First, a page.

I don't endorse the second petition linked below. I do endorse the first one, and recommend it to you. We need to get our eggs and meat from more local farmers raising fewer fowl, with less cruelty.

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Darden Restaurants, the parent company of mega-chain Olive Garden, owns and operates more than 1,500 restaurants, serves more than 320 million meals a year and employs more than 150,000 workers.
Unfortunately, rather than serving healthy food, Olive Gardens relies on factory farmed meat and dairy products that are raised in horrific, crowded conditions that seriously threaten our health and harms the environment. The truth is that up to 80 percent of all antibiotics sold in the U.S. are routinely fed to animals to help them grow faster and keep them from getting sick in overcrowded, filthy and polluting animal factories. These antibiotics get into our environment and fuel the rise of antibiotic resistance -- one of our nation’s leading public health threats.
Which is why Food Democracy Now! is working with our allies and environmental and healthy food advocates to launch a massive campaign to pressure Olive Garden to use its significant purchasing power to help grow a healthier, fairer and more sustainable food system.
Tell the owner of Olive Garden: Serve meat and dairy raised without routine antibiotics! Every voice counts!
http://action.fooddemocracynow.org/sign/tell_Olive_Garden_to_keep_antibiotics_off_your_plate2/?t=8&akid=1855.359821.QXkSRH
But reducing antibiotics use is just one of many critical fixes needed in our food system. Darden’s factory-farmed meat and dairy pollute our air and water and contribute to climate change. Many of its menu offerings are unhealthy. And it doesn’t pay its workers a living wage. As a whole, Darden’s food policies are a prime example of what not to do if we want to build a better food system. But together, we can change that.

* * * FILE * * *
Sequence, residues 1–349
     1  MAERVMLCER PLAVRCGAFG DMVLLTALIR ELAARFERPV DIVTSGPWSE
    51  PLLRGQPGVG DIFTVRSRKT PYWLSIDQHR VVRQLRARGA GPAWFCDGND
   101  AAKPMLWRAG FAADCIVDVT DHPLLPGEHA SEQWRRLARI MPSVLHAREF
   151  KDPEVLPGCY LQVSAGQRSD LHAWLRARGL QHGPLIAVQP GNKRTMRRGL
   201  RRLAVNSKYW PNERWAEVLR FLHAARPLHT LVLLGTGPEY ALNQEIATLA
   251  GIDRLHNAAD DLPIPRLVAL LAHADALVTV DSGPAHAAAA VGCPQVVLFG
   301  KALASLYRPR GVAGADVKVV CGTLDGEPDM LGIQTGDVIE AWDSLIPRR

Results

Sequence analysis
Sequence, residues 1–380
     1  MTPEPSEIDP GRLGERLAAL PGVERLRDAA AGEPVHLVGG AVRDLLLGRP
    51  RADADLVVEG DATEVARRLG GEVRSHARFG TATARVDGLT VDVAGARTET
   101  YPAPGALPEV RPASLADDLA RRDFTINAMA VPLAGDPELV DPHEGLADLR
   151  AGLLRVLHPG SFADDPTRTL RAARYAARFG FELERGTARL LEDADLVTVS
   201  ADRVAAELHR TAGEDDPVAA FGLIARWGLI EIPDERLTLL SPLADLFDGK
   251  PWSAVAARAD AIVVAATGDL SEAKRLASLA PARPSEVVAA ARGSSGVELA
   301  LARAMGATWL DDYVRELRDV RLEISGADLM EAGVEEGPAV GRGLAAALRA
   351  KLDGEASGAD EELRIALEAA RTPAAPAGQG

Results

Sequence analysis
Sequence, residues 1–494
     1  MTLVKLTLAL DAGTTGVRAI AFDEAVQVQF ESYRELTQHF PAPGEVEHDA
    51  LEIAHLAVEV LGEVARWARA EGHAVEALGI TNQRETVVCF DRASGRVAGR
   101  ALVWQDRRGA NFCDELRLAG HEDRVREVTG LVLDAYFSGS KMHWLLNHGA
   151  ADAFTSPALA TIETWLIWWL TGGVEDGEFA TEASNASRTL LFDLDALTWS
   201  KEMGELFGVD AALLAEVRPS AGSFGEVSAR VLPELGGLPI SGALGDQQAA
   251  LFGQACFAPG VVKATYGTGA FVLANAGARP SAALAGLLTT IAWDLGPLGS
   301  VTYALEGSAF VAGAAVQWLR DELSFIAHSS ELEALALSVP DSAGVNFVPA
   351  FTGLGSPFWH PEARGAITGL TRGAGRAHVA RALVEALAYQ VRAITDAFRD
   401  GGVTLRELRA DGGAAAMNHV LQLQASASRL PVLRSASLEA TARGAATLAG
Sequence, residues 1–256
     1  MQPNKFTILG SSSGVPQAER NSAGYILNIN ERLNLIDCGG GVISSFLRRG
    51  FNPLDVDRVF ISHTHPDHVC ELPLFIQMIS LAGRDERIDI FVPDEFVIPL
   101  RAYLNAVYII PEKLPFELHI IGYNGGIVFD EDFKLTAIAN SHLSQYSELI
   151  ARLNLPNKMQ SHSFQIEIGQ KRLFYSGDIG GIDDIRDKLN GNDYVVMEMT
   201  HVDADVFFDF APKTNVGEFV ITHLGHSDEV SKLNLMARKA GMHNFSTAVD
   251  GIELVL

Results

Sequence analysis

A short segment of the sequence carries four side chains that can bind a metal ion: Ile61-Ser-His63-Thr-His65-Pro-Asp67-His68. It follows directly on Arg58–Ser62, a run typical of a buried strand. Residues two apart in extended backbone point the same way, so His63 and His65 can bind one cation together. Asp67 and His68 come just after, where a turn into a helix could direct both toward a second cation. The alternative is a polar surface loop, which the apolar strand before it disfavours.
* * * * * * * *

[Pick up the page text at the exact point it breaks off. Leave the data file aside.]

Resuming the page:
With more than 1,500 restaurants, serving 320 million meals every year, Darden has a lot of power to move our food system in a better direction. By serving smaller portion sizes of more humane and sustainable meat and dairy, and offering more organic and plant-based choices, Darden can improve public health and help reduce food waste, conserve water, curb greenhouse gas emissions and shift production away from factory farms. It can also create better markets for local, independent farmers and ranchers who aren’t at the mercy of large corporate meat companies.
If we can get Darden to act, it will put even more pressure on other restaurants to follow suit. Join environmental, public health, and worker justice activists in this historic campaign to urge Olive Garden and other Darden restaurants to improve their menu offerings and pay fair wages.
Tell Darden, the nation’s largest full service restaurant company: Serve greener meals that are better for our health, the planet and workers!
http://action.fooddemocracynow.org/sign/tell_Olive_Garden_to_keep_antibiotics_off_your_plate2/?t=11&akid=1855.359821.QXkSRH
Even if you don’t eat at Darden Restaurants, their purchasing decisions have a big impact on our food system!
Thanks for participating in food democracy,
Dave Murphy
Founder / Executive Director
Food Democracy Now!